And I’m not gonna tell you like how much to charge. Like there’s no like formula. Like, oh, calculate your overall reach and then divide by five. And that’s how much you can charge per sponsor spot. It really depends on what you offer to the sponsor and how much your clout or your trust is worth to the sponsor.
I will say this though, I recently interviewed Justin Moore on my main podcast. I shouldn’t call it my main pod. It’s my interview podcast. How? It’s my older podcast, I guess. I do both of these weekly, so, they’re both my main podcasts. But, on How I Built It, I interviewed Justin Moore. And he told me that we should stop making our prices public. I had prices listed on the sponsor page, so sponsors could just be like, “Yep, okay. This is the package I want.” But again, that works for maybe bigger, and like NPR doesn’t make their prices public. But maybe for bigger podcasts where they are straight-up calculating CPA or CPM, that’s gonna make more sense.
But for us, we’re adding value beyond just reading a sponsor spot, you’re probably going to want to come up with a custom package. And so I thought that Justin offered really good advice here that I wanna reiterate here. I will link his episode in the show notes for this, which you can find in your podcast app or over at [makemoneypod.com/214]. That’s season two episode 14.
So, the advice he gives is to get on a call with the sponsor. I know that people in, especially my former space, never wanted to get on a call. They’re like, “Why would ever…Why would anybody wanna talk to somebody on the phone?” But let me tell you. If somebody is willing to hand you like a $10,000 check either worth the phone call, even if it’s just to make sure that you’re not like some fly-by-night email address that’s gonna take their money and run.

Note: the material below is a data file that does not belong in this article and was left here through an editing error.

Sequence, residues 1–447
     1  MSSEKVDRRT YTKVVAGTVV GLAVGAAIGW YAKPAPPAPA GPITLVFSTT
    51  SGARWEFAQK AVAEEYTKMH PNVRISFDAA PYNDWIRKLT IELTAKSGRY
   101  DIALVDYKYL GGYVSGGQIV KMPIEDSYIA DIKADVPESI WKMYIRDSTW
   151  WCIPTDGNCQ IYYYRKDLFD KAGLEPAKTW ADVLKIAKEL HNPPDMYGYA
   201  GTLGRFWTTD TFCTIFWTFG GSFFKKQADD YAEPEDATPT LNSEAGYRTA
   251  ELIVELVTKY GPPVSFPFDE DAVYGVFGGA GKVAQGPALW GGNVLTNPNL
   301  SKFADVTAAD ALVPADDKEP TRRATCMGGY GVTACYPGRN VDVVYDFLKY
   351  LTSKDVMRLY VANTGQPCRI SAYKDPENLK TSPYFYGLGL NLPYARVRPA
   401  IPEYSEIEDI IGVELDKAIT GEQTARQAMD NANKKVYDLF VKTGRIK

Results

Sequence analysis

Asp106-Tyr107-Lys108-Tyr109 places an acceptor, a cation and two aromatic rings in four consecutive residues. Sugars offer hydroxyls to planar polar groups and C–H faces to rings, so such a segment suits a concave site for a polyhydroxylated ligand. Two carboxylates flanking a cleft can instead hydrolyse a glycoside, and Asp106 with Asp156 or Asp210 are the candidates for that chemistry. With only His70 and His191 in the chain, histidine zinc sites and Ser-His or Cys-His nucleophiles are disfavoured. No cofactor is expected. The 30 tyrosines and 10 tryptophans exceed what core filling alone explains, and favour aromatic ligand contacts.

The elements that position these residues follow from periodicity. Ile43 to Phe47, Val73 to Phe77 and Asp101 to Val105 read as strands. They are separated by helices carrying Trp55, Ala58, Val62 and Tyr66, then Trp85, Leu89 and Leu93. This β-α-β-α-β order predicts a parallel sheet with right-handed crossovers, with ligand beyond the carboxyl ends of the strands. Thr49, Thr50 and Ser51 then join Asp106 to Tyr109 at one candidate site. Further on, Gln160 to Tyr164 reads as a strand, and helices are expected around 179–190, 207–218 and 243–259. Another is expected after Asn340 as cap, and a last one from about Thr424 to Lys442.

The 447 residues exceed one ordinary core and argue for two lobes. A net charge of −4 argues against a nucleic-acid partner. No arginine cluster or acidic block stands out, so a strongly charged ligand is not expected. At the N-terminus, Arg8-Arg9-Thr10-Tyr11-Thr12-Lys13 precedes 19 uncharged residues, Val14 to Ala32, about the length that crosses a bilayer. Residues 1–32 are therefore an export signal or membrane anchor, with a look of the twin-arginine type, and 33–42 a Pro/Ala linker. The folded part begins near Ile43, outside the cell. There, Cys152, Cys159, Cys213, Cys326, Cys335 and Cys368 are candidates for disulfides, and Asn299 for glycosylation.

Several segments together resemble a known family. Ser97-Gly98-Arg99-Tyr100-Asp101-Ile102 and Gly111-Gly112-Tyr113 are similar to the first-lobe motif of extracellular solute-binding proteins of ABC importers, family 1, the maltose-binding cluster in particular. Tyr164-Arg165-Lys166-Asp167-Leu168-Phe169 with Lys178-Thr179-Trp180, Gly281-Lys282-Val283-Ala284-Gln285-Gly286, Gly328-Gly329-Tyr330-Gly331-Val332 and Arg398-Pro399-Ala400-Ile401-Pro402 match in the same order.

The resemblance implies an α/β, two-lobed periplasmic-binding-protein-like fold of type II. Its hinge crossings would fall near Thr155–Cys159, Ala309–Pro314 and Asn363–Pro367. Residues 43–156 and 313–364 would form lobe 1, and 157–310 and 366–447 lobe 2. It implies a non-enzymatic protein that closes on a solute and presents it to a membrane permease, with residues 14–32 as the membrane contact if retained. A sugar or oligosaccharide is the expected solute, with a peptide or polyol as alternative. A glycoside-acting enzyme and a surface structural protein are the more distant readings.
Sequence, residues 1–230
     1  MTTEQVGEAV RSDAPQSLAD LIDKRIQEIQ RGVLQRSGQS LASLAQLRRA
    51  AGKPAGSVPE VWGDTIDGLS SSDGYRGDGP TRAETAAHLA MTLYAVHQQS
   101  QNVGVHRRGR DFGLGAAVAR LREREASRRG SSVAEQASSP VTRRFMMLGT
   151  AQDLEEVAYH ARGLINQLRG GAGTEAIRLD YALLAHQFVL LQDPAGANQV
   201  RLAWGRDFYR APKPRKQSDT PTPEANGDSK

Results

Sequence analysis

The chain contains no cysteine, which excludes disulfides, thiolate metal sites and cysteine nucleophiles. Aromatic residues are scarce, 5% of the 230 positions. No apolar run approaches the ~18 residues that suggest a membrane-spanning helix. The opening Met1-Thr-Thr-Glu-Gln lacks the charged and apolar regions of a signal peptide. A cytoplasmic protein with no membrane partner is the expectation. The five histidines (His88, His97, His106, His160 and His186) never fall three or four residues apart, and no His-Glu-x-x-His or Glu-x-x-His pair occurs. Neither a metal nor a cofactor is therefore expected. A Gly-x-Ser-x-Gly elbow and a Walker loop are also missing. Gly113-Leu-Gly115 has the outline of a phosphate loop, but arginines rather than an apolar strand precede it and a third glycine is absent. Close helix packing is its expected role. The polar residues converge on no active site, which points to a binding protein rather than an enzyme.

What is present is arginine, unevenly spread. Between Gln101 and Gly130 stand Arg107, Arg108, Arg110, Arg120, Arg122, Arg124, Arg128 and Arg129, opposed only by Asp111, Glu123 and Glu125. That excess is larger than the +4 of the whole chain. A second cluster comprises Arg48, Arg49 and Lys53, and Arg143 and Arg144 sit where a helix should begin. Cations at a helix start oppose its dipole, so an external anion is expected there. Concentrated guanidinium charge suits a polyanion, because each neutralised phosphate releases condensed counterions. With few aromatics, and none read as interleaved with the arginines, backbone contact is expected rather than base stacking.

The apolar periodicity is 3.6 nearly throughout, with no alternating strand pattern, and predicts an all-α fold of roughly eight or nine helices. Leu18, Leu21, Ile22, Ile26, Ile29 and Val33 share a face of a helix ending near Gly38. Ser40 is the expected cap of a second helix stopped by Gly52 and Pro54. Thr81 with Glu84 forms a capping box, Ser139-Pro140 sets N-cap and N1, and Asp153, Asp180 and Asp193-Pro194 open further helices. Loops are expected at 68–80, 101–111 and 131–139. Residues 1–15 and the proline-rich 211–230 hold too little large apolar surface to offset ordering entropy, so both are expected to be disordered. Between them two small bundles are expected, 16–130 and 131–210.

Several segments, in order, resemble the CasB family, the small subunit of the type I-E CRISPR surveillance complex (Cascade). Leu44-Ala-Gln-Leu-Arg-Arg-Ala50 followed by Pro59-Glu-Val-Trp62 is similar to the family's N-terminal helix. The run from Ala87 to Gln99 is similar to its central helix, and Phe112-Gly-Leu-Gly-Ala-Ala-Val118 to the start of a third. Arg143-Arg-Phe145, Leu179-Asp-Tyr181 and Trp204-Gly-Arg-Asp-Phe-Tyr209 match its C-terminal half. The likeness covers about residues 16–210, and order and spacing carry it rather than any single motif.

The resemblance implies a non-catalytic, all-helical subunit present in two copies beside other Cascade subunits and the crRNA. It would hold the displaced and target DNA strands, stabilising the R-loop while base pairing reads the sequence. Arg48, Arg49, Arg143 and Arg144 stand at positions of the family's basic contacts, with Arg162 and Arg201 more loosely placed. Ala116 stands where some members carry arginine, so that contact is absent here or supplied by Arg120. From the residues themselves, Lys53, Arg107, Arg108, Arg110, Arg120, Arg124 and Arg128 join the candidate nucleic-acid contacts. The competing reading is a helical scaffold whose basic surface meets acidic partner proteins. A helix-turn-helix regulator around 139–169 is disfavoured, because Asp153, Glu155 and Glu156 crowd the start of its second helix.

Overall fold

So get on the call with them and ask them this question: “What makes this a win for you?” Because honestly, some brands might not be looking for conversions. Maybe they’re looking for brand awareness. Maybe they just wanna be associated with you because you’re a trusted voice in your space. That happens to me a lot in the WordPress space. WordPress companies will approach me. They wanna sponsor my work because they want me talking about their stuff.
And so take some notes, ask them what channels, what areas they wanna be more visible on. I always say podcast sponsorship is my main offering, but I also do these other things. What works best for you? And then come up with three sponsorship packages. Give them options, shoot your shot on one of them, and be like, “Hey, for $10,000 you can get a half-year sponsorship on my podcast. I’ll create three videos on my YouTube channel and I’ll post an Instagram reel, 10 Instagram reels that you can then repurpose for like organic sharing.”
So, for us, for me, for you, it’s not just about CPM. It’s about offering value to a brand that wants to align themselves with us.
And so to recap, don’t use CPM to price your podcast. Your podcast sponsorships. Instead, calculate your overall reach, look at the places where you have a presence, add up all of those subscribers, followers, and listeners, and then think of a few things, right? You don’t have to go into every sponsorship like pitch call cold. Think of a few things you’re willing to offer sponsors, right?
If you’re not willing to make YouTube videos, then don’t offer it. If you prefer to make reels where you talk about the brand or you highlight the brand in some way, then do that instead, and create this kind of a la carte menu for yourself.
Get on a call with a potential sponsor and come up with a custom package based on what makes a win for them.
So there you go. That’s how you price your sponsorship. I hope this was really helpful to you. If it is, share this episode with a friend and say, “Hey, I know that you do sponsorships. Here’s how Joe Price is, and this is how he’s been doing it for seven years. His podcast was sponsored before it even launched.” So I’d really appreciate that.
Thanks so much for listening to Make Money Podcasting.
Again, for all the show notes you can head over to [makemoneypod.com/214].
And until next time. I can’t wait to see what you make.